This video is part of a series of 19 animated maps.

View series: Europe and nations, 1918-1942

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The Irish Question

This map is part of a series of 19 animated maps showing the history of Europe and nations, 1918-1942.

Throughout the 19th century, the Irish people fought for their political emancipation and, by the early 20th century, their struggle was becoming increasingly radical. Created in 1905, the Sinn Fein movement called for total independence for Ireland, a move which threatened the strong Protestant minority living in Ulster which was eager to maintain its ties with Great Britain.

In 1914, Ireland was granted Home Rule, as Irish autonomy was known, but the legislation was suspended shortly after the outbreak of war. In 1916, an uprising of Irish nationalists failed, but Sinn Fein won a large majority of Irish seats in the 1918 UK general elections and decided to proclaim an Irish Parliament in Dublin.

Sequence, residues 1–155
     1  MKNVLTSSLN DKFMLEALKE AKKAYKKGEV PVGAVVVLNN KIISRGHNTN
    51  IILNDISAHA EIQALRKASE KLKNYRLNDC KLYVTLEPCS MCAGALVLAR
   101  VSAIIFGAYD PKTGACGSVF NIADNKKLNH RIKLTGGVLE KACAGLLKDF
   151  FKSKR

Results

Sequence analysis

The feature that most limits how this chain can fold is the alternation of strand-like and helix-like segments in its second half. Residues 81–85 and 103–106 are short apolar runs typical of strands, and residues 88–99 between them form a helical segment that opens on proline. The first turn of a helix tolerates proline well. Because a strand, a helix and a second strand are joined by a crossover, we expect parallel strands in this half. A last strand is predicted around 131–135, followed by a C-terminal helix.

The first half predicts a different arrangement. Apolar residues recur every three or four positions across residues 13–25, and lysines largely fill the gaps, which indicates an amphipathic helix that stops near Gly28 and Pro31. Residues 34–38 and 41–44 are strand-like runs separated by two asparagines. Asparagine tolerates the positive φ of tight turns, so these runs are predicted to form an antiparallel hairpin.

From 1919 to 1921, Ireland was caught up in a guerrilla war between the nationalists of the Irish Republican Army (IRA) and the British Army fighting with the Ulster Unionists. To end the conflict, partition of Ireland was proposed and ratified by the Treaty of London in 1921. The Free State of Ireland became a dominion within the British Empire, while a large part of the Ulster province remained part of the United Kingdom.